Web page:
As if he didn’t have enough on his plate between renovating Air Force One and pondering how to add a ballroom to the White House (and whatever presidential duties he squeezes in after “executive time”), Axios reports that President Trump has been “obsessed with the FBI building” for months. The J. Edgar Hoover Building has been added to his list of frequent rant topics, and Axios says he thinks micromanaging the project is a good way for his sidelined chief of staff to occupy his time.
That source said Trump told Chief of Staff John Kelly he wants to oversee the project at an excruciating level of detail: the cost per square foot, the materials used, the renovation specs, etc. He’s treating it like it’s a Trump Organization construction project, the source added.
But why is Trump so interested in providing his foes in the FBI with cushier headquarters? Here are some possibilities.
Theory 1: Trump Is an Architecture Snob
An Axios source said that during one of his tirades against the FBI, Trump called out the bureau for having an aesthetically displeasing headquarters.
“Even the building is terrible,” he said. “It’s one of the brutalist-type buildings, you know, brutalist architecture. Honestly, I think it’s one of the ugliest buildings in the city.”
Brutalism was popular, particularly for government buildings, in the ‘60s and ‘70s, when the Hoover Building was designed and constructed. But Trump isn’t the only one who considers it an eyesore.
Theory 2: Trump Has a Passion for Construction That Won’t Be Denied
In response to the story, White House Press Secretary Sarah Sanders suggested it’s totally natural for the president to be fixated on the new FBI building because that’s how he made his fortune.
“POTUS is always interested in building because he knows it better than anyone and has been very successful in it,” she said. “He’s found [the General Services Administration] to be on it, ‘very impressive’ and ‘knowledgeable’ are the phrases he has used.”
Theory 3: FBI Headquarters Is Literally Falling Apart
Unlike his quest to give Air Force One a “more American” paint job, which no one else was calling for, there’s long been bipartisan agreement that the Hoover Building is inadequate. The Washington Post reported in 2015:
Beneath the headquarters of America’s premier crime-fighting organization, one of the parking ramps has been condemned because corroded pieces of the ceiling were falling on cars.
Netting hangs on the Ninth Street facade to prevent broken concrete from hitting passersby 160 feet down on the sidewalk below. During a July fire drill, half of the building’s alarms didn’t go off.
For more than a decade, leaders at the Federal Bureau of Investigation have warned that the bureau needed to replace the J. Edgar Hoover Building, a concrete fortress designed as a symbol of strength that has instead come to serve as a lesson in government inaction.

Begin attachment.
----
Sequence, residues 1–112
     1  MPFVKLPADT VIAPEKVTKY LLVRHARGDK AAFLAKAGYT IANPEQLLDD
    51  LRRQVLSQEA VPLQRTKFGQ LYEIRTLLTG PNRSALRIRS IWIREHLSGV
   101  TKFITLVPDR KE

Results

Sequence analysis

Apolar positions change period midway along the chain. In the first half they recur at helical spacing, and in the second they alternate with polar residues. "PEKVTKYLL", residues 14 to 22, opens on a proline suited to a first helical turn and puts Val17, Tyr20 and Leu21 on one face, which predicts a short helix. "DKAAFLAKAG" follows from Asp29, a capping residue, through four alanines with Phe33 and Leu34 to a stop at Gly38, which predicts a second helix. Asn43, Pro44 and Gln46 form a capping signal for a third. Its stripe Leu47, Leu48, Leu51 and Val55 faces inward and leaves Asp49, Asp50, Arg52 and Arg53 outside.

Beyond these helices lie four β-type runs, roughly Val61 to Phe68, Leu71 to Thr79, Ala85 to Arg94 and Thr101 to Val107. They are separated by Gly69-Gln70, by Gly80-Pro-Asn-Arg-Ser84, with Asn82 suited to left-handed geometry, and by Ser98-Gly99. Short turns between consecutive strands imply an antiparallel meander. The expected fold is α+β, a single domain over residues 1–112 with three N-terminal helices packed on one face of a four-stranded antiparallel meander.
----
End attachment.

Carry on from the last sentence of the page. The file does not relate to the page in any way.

Though the building was obviously unsuitable, Congress was hesitant to provide funding for new construction — and then the Trump administration abruptly altered plans for the FBI’s new home. For years the General Services Administration had pressed for a new facility in the D.C. suburbs where the FBI could consolidate all 11,000 personnel. But in February, the Trump administration proposed demolishing the Hoover Building and building a new FBI headquarters in its place — along with spreading FBI personnel throughout the country.
The new plan is to keep 8,300 FBI staffers in D.C., split between the new downtown building and the bureau’s Quantico, Virginia, training academy. Another 2,300 staffers would be relocated to Alabama, Idaho, and West Virginia. The White House infrastructure plan included $2.175 billion for the new building, which, combined with previously allotted funds, would bring the total to $3.3 billion.
Many were shocked and perplexed by the change of plans, including House Minority Whip Steny Hoyer. “This sudden and unexpected decision by the Trump administration raises serious questions about what or who could have motivated such a decision,” he said. “Why the Trump administration would so suddenly forgo years of study that led to careful recommendations — not to mention the millions of dollars spent in the effort to move the Bureau’s headquarters — is beyond astounding, and quite frankly, extremely alarming.”
The GSA’s inspector general said it would look into the decision.
Theory 4: The FBI Building Mars the View From the Trump International Hotel
Maybe Trump wants to make sure federal law enforcement officials can carry out their work in an attractive, secure, state-of-the-art facility. Or maybe he’s more interested in shielding guests at the Trump International Hotel D.C. from the hideous building that sits diagonally opposite on Pennsylvania Avenue.
Theory 5: Trump Always Wants to Be Number One
In 2012, a travel website dubbed the Hoover Building the “ugliest building in the world.” Number eight on that list: New York’s Trump Tower. “Downright dull on the outside, dizzyingly gaudy on the inside, this outdated building is generally only visited by tourists as it is almost universally avoided by actual New Yorkers,” Trippy.com said of the future president’s home.
Once the FBI headquarters is demolished, Trump Tower will be one step closer to world domination. Cleveland’s Rock and Roll Hall of Fame better watch its back.